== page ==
• Txomin Badiola

    There is a symbiotic relationship between tradition and modernity that runs through the works of Txomin Badiola. The duality so evident in Badiola is not an isolated instance in the current resurgence of sculpture here but can be found in the work of almost every other young Spanish sculptor as well. What is modern in Badiola’s sculpture is that he chooses to show the process of each work—the various connections and disjunctions among its structural elements—as part of the finished piece, thus attacking stereotypical formalism and disrupting our customary ideas of perfection and completion.

  • José María Sicilia

    Viewers recently had the opportunity of seeing paintings from José María Sicilia’s new series “Flores” (Flowers, 1986), in two simultaneous exhibitions, one month after some of these works were shown in the Spanish Pavilion at the Venice Biennale. Since 1978 Sicilia has lived in Paris, where he has pursued a loosely figurative style. In 1983–84 he was painting scenes of Paris and Madrid (the Place de la Bastille, rooftops with TV antennas, marketplaces) and compositions incorporating images of ordinary domestic objects such as vacuum cleaners, eggbeaters, and irons. In the past two years, his

  • Carlos León

    In Carlos León’s first one-person show since his yearlong stay in New York, it was clear that the new direction his work had taken was indebted to the foreign context that motivated it.

    In the early ’70s, León came into direct contact with the Parisian Support/-Surface movement. However, he continued to emphasize a knowledgeable art informed by social and cognitive concerns, allowing these to overwhelm the purely pictorial elements. But a phase of continual revision and self-analysis connected to social awareness brought him quite naturally to an unfettered work free of theories—a development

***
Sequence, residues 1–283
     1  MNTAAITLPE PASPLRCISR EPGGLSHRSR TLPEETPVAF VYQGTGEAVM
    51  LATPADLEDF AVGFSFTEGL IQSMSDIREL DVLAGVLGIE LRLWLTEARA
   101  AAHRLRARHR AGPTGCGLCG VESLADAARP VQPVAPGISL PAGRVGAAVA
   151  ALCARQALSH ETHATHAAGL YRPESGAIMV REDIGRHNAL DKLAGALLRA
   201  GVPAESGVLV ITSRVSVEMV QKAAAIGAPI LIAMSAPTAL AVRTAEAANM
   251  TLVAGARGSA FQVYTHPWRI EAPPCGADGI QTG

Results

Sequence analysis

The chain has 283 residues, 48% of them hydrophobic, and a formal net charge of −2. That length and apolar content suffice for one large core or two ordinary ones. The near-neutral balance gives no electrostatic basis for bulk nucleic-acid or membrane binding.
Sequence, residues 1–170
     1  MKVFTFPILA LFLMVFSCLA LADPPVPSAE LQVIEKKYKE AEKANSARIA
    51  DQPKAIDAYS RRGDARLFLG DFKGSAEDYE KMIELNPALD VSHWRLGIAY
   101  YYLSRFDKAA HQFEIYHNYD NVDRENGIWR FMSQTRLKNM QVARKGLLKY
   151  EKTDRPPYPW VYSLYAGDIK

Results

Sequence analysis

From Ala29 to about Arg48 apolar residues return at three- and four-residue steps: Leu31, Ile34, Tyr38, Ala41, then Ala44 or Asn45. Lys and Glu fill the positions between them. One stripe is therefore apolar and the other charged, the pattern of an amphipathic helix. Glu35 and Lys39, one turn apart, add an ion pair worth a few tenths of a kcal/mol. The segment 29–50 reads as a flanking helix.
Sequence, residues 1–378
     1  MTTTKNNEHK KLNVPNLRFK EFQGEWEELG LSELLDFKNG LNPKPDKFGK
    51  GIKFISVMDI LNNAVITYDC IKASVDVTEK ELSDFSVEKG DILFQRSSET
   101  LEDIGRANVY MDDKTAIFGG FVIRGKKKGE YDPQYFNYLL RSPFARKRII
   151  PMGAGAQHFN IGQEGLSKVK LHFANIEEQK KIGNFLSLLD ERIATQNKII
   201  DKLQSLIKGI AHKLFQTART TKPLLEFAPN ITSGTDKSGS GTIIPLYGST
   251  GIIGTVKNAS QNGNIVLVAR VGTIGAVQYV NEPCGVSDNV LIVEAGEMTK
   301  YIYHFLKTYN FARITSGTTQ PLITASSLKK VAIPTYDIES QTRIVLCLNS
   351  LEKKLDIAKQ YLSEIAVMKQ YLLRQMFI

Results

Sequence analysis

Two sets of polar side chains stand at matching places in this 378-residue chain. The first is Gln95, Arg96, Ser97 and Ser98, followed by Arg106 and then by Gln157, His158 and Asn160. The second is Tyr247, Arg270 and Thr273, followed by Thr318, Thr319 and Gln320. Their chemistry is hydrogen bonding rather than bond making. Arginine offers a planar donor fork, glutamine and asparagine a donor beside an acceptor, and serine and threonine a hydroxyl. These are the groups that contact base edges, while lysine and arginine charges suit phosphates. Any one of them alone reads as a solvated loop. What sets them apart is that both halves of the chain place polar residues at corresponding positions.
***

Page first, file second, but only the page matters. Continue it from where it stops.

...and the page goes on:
• Juan Navarro Baldeweg

    Juan Navarro Baldeweg’s show was one of this year’s key exhibitions of Castilian painting. Despite the adjective “new” applied to his art, Baldeweg is hardly a newcomer, having shown his work, although not copiously, for more than twenty years. A professor at the Escuela Técnica de Arquitectura de Madrid, from 1971 to 1975 he lived in the United States, working at the Center for Advanced Visual Studies at the Massachusetts Institute of Technology. There his development as a painter was influenced by his surroundings and by his research in video. Having gone through a conceptual stage he has now

  • Menchu Lamas

    The work of Menchu Lamas is a good example of how abstraction has evolved toward figuration in a coherent way, without an abrupt break. The figures in her paintings fill the picture plane; they are not merely fitted into a formal structure but themselves comprise that structure, providing heavy vertical, diagonal, horizontal, and curved shapes which give the painting its fundamental directional lines. This is a figuration bent on structural problems, but Lamas also skillfully introduces ambiguity through the selection of her thematic repertory.

    In these two shows, featuring large works, Lamas